FIG. 9 illustrates a second methodology of bulk page processing that flushes a page to disk, in accordance with an embodiment of the invention. As performed in the timesplitting operation, the page is scanned for untimestamped record versions, as indicated at 900. When an unstamped record version is found, the VTS is checked to determine whether the unstamped record version is committed, as indicated at 902. If an unstamped version is committed, it is timestamped before flushing the page to disk, as indicated at 904. Record versions of uncommitted transactions will be timestamped eventually at a later time. This approach has the benefit of having the timestamping become immediately stable. This timestamping is reflected in the VTS table's reference count for transactions whose records are timestamped at this time once the page has been written to disk, as the records are now stably timestamped.

Pages that are flushed as part of the checkpointing activity hence have their timestamping activity reflected in the VTS table prior to the moving of the redo scan start point. This greatly increases the number of transactions whose timestamping is seen as having been completed. At 905, a reference count associated with each page in a main memory cache associated with a transaction whose record(s) on each page have been timestamped during the time each page was in the main memory database cache is incremented. It is these counts that are subtracted from the VTS REFCNT entry for transactions with records on the page that have been timestamped since the page was last flushed to disk.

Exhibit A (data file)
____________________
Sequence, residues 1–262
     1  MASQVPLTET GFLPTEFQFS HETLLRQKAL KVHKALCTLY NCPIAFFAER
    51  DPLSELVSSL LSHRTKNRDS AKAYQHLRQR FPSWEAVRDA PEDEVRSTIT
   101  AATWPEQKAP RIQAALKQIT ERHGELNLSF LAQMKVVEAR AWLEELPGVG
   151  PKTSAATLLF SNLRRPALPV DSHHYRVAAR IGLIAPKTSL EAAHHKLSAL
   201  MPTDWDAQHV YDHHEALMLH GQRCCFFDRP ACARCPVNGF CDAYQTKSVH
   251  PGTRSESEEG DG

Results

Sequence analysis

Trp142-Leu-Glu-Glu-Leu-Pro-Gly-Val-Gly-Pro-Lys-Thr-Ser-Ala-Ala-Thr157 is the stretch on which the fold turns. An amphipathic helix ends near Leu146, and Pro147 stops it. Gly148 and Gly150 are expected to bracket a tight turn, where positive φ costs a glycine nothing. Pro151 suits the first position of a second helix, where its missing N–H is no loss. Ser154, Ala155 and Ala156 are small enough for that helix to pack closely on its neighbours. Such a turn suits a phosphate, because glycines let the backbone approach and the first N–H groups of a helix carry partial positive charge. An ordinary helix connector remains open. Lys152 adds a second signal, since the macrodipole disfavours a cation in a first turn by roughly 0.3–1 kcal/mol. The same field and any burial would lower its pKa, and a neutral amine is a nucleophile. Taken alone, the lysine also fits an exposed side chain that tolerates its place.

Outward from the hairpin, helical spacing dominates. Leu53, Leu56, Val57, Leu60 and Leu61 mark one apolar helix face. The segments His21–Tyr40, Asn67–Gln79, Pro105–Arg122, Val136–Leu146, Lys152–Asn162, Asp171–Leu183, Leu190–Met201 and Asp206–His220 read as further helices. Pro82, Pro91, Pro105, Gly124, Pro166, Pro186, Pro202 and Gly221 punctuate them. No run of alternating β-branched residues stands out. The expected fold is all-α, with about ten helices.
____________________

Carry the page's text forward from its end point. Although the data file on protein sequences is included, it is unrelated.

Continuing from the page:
FIG. 10 illustrates a methodology for avoiding unnecessary checking of record versions, in accordance with an embodiment of the invention. Even for the bulk page operations, it is desired to avoid checking for versions to timestamp. Prior to performing bulk page processing, a count of the record versions that have yet to be timestamped is stored on the page, as indicated at 1000. This count is maintained by incrementing the count whenever adding a new unstamped record version to the page and by decrementing the count whenever timestamping an as yet untimestamped record version, as indicated at 1002. At 1004, bulk page operations are initiated. At 1006, the count is decremented whenever timestamping a record version. At 1008, if the count is zero, there is no timestamping needed on the page. This can be exploited whenever the count goes to zero during bulk page processing.

What has been described above includes examples of the subject innovation. It is, of course, not possible to describe every conceivable combination of components or methodologies for purposes of describing the subject innovation, but one of ordinary skill in the art can recognize that many further combinations and permutations of the subject innovation are possible. Accordingly, the disclosed subject matter is intended to embrace all such alterations, modifications and variations that fall within the spirit and scope of the appended claims. Furthermore, to the extent that the term “includes” is used in either the detailed description or the claims, such term is intended to be inclusive in a manner similar to the term “comprising” as “comprising” is interpreted when employed as a transitional word in a claim.